Experts: Water shutoffs causing public health emergency
Detroit — A panel of experts, including physicians, called for a declaration of a public health emergency in the city on Wednesday and have accused city health officials of ignoring a hospital study which found a correlation between water shutoffs and water-related illnesses.
Doctors, educators, civil rights advocates and a resident whose water was shut off gathered at Wayne State University Law School to discuss the findings of a Henry Ford Hospital study published in April that examined hospital patient samples with skin and soft tissue infections and water-borne bacterial infections.
In the study, performed by three Henry Ford researchers using block-level address data, 37,441 cases of water-borne illness in Detroit were analyzed and compared with Detroit addresses whose water was shut off during the same time period, officials said.
Patients diagnosed with skin and soft tissue diseases were 1.48 times more likely to live on a block that experienced water shutoffs, officials said on Wednesday.
“That should be a call for action,” said Peter Hammer, director of Wayne Law’s Damon J. Keith Center for Civil Rights. “Henry Ford Hospital should be proud of its study. Instead, if you look at media relations, they are backpedaling faster than I have ever seen from the work of researchers and are very willing to through them under the bus.”
“And that leads to a very basic question: Why?” Hammer asked.
Hammer said he could only speculate but “if you look at all the development Henry Ford is engaged in, it is very worried about its relationship to the planning department, the City Council, the mayor. One could speculate they are yielding to that political pressure trying to suppress the health information coming out.”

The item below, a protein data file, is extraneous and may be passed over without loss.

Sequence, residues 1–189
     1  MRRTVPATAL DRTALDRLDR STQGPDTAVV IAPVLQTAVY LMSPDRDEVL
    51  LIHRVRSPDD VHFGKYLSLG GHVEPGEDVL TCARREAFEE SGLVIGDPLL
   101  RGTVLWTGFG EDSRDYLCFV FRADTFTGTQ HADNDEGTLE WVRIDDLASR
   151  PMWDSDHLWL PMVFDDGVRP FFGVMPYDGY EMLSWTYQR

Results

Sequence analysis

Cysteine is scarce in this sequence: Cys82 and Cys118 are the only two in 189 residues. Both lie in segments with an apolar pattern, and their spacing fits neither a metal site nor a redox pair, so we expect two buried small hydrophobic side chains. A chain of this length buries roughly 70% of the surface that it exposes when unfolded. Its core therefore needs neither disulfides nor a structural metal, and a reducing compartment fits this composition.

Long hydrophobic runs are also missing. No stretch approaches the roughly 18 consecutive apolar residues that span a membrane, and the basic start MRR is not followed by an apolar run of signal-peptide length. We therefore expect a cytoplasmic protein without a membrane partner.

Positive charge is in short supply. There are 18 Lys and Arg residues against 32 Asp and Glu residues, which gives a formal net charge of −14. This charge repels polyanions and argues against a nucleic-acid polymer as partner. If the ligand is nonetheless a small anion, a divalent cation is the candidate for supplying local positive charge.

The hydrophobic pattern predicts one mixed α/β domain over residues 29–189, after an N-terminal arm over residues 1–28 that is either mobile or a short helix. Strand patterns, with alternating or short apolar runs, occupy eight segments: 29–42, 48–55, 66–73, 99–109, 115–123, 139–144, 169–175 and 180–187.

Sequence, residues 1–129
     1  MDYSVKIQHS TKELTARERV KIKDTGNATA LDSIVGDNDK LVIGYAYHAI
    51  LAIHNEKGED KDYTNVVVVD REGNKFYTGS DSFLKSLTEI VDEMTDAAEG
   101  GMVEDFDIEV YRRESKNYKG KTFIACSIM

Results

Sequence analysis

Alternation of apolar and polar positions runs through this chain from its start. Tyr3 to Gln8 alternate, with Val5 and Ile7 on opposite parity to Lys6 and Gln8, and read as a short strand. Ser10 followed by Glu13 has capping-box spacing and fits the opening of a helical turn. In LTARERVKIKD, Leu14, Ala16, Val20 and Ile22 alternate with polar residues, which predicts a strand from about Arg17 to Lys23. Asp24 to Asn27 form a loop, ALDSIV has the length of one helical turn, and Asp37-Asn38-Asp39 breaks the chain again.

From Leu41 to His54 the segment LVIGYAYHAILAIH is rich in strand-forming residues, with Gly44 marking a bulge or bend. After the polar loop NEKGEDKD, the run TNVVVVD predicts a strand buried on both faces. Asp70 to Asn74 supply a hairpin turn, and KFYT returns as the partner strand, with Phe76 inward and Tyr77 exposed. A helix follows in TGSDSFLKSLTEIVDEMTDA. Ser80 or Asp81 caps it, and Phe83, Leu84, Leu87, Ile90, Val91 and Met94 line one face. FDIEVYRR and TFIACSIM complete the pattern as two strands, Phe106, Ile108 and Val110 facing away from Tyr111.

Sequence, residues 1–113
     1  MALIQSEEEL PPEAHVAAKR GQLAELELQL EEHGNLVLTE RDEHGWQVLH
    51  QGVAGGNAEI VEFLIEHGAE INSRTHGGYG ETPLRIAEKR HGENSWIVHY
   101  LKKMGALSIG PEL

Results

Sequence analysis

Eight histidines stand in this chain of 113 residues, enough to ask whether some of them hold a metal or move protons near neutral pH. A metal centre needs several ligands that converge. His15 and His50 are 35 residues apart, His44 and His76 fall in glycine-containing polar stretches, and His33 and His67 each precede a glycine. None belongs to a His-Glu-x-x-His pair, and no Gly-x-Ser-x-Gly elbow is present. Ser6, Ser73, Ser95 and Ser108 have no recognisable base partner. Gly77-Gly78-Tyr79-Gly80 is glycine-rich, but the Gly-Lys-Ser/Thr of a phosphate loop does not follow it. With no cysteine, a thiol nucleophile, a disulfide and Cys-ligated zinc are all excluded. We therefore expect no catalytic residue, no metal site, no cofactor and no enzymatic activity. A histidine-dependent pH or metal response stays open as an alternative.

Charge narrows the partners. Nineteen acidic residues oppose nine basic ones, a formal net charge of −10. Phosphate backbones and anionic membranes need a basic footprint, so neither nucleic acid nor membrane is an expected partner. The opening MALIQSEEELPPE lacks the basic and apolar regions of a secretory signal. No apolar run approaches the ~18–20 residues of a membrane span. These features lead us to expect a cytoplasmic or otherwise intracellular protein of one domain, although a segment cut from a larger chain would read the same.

“Standard epidemiologists are going to defend that study,” he said, and the hospital media office is distancing itself, and “that doesn’t make any sense on its face.”
Detroit Mayor Mike Duggan is up for re-election.
On Wednesday, Dr. Marcus Zervos, division head of infectious diseases at Henry Ford Hospital and senior author of the study, responded to the group’s demand for a public health emergency declaration by saying more research is needed and taking issue with using the study for political reasons.
“As the senior author on this project, I am disheartened by the reaction of activist groups. We approached this issue as an exploratory effort into the possible public health impact of water shutoffs, understanding that the results would only be preliminary and shape the framework for a future comprehensive cause and effect study,” Zervos said in a statement.
“Unfortunately, this study continues to be used for political purposes and our health system’s integrity is being unfairly challenged. This is unacceptable.”
Zervos said the hospital has said there were multiple limitations and challenges with the study process, including the data set obtained from the Detroit Water and Sewerage Department being incomplete. The addresses had been partially redacted and only the first two numbers of the address were included, he said
“This means we could not identify which specific houses experienced a water shutoff. We could not evaluate what directly caused an individual’s illness, meaning we could not make any association between a patient’s infection and water shutoffs,” Zervos said.
“It’s reasonable to conclude that there would be some impact to public health caused by water shutoffs. We believe more research is needed and will continue to consider options for the development of a definitive research project,” he said.
Hammer also said the city’s health department director has failed to respond to the study.
Gary Brown, director of Detroit’s water department, said in a Wednesday statement that the Detroit Water and Sewerage Department and the city are committed to helping Detroiters keep their water service on.
“In 2014, we launched the city’s first assistance program to do just that,” Brown said.